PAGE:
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Locusts Inspire Technology That May Prevent Car Crashes

John Roach
for National Geographic News
August 6, 2004
 
Locusts are commonly associated with plagues, food shortages, and death. But for a team of European scientists, the grasshopper-like insects are inspiring a technology that may save lives by preventing hundreds of thousands of car crashes.

"Locusts are good at avoiding collisions," said team member Claire Rind, a biologist at the University of Newcastle upon Tyne in England. "We should learn from a species that is good at the task."

The insects migrate in swarms as dense as 80 million adults per square kilometer (0.4 square mile) yet avoid crashing into each other and the mouths of predatory birds.

Jack Ference is an electronics engineer with the U.S. National Highway Traffic Safety Administration in Washington, D.C., which oversees a U.S.-led crash-avoidance initiative. He said approximately 3.6 million cars are damaged each year as a result of rear-ending the car in front of them, swiping another car while changing lanes, or running off the road.

Upward of half of these wrecks could be prevented with effective crash-avoidance technologies, which the automobile industry views as the future of car safety. "We've spent as much as we can to make cars more crashworthy. Now's the time to do something more active," Ference said.

Together with colleagues from the Hungarian Academy of Sciences in Budapest, the National Center of Microelectronics in Seville, Spain, and the Volvo Car Corporation in Göteborg, Sweden, Rind is developing crash-avoidance technology based on locusts' navigational skills.



Crash-Avoidance Course

Locusts, which can consume their own weight in food each day, have a large neuron called the locust giant movement detector (LGMD) located behind their eyes. The LGMD releases bursts of energy whenever a locust is on a collision course with another locust or a predatory bird.

A few years ago Rind and her colleagues studied the activity of the LGMD as locusts watched action scenes from the movie Star Wars. The team found that the LGMD releases more energy when something is coming directly at the locust.

These spikes of energy, called action potentials, prompt the locusts to take evasive action. The entire process from motion detection to reaction takes about 45 milliseconds—or 45 thousandths of a second.

"Locusts, like most insects, can see many more images per second than we do. This means they can react in time to things that are approaching very rapidly and so make their escape before collision," Rind said.

The locusts' ability to see many more images per second than humans gives them a remarkable view of the world. For humans, it would be like watching everything go by in slow motion, Rind added.

And because the insects only detect things that are on a collision course with them, the locusts are ignorant of all other movements. It's a particularly useful trait, as the locusts travel in dense swarms akin to rush hour traffic.

"The [LGMD] system is complemented by the brain of the locust, which provides the necessary experience and knowledge to really react according to the situation," said Jorge Cuadri, a project engineer with Spain's National Center of Microelectronics. Cuadri is helping to develop the circuitry for the locust-inspired crash avoidance technology.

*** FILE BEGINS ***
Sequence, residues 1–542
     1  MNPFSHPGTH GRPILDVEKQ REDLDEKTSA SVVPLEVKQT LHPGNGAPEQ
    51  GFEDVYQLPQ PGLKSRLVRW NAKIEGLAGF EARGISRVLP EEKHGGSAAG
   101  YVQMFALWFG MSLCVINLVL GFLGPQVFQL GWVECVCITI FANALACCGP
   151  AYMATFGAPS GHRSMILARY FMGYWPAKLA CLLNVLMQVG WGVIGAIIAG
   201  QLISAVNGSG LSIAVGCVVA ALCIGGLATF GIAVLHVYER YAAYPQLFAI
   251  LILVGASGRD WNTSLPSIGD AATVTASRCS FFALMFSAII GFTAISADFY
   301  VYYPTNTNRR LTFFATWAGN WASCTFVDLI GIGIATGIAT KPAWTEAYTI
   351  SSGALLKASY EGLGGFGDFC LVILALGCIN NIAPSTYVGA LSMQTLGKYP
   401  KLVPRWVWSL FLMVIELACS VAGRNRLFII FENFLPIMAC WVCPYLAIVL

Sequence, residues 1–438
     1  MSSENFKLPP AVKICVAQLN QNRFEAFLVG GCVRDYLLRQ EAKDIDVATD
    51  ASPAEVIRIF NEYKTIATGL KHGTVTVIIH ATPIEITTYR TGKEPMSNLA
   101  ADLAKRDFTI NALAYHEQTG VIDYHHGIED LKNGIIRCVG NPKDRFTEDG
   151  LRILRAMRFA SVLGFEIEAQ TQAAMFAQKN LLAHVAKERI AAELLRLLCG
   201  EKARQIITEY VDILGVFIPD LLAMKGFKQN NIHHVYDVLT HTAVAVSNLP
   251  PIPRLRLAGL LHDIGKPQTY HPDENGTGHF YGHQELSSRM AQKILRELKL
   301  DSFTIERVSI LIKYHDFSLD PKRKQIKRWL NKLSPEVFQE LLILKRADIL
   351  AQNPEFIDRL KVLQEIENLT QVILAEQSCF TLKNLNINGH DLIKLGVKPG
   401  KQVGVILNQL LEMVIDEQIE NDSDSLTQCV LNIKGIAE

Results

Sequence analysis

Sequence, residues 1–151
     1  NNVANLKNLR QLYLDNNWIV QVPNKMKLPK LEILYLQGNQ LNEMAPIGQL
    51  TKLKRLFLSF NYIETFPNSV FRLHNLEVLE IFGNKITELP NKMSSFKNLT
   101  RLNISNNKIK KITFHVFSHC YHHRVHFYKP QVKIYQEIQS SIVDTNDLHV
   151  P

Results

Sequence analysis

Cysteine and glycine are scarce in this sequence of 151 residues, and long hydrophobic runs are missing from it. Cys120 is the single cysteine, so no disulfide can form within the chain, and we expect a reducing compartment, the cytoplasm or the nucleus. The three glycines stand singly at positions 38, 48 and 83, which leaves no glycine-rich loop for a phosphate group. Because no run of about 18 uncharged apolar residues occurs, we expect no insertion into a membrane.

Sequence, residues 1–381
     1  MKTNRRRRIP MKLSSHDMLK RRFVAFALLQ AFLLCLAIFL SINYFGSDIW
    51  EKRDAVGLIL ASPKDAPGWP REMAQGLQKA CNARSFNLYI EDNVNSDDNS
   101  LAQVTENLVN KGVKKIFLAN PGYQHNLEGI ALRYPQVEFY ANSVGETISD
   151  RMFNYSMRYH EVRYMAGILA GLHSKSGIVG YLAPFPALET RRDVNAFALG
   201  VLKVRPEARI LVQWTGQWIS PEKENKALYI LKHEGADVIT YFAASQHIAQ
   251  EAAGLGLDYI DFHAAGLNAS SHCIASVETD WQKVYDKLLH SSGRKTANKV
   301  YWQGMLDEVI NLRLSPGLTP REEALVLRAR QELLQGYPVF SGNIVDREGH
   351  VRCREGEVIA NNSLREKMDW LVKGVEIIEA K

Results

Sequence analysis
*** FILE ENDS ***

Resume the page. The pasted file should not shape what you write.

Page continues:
Circuitry Development

Cuadri and his colleagues are responsible for adapting the locust collision-avoidance system to the automotive environment.

Their adapted system is based on a single, integrated step that combines visual optics and electronics. The conventional way of doing this would involve tow steps: First, a camera would capture the image. Second, a digital processor would analyze it.

The two-step approach, which uses radar images, is expensive and currently limited only to luxury cars, Rind said.

"[Our] system, once mass produced, won't be so expensive as to stop it from being applied, and it will also be very quick," she said. "It's meant to cover the collision which is only a few seconds away."

The challenge, according to Cuadri, is building circuits that can function wherever car and driver may go.

"One of the biggest problems we have regarding the electronic implementation is the huge range of illumination conditions under which the chip should be able to see," he said. "Another difficult point is the climatic conditions, since the chip should work from really low temperatures to real hot."

To date, the team has built a locust-inspired, collision-avoiding robot and is currently developing crash-avoidance circuitry for a model car. In a few years Volvo may have a prototype. By the end of the decade cars equipped with the locust-inspired technology could be on the showroom floor.

The system is envisioned as something that would detect approaching danger before a human notices it. The system would sound an alarm so that the driver could take evasive action. "If the situation gets worse, it would apply the brakes, initiate defensive features, such as tensioning of the seatbelts, and arming inside airbags," Rind said.

In the future the system may also deploy external airbags on the front bumpers to protect pedestrians. Initiatives requiring such pedestrian-safety oriented technologies are on the books in Europe and in discussion in the U.S.

According to Ference, consumer adoption of crash-avoidance technologies will depend on how efficient they are at giving out warnings without annoying the driver with excessive false alarms.

"It's very complex," he said. "We have to think through how to warn a driver in an unambiguous way that gets their attention and warns them when they want to be warned and not when they don't, so they are not annoyed by it."

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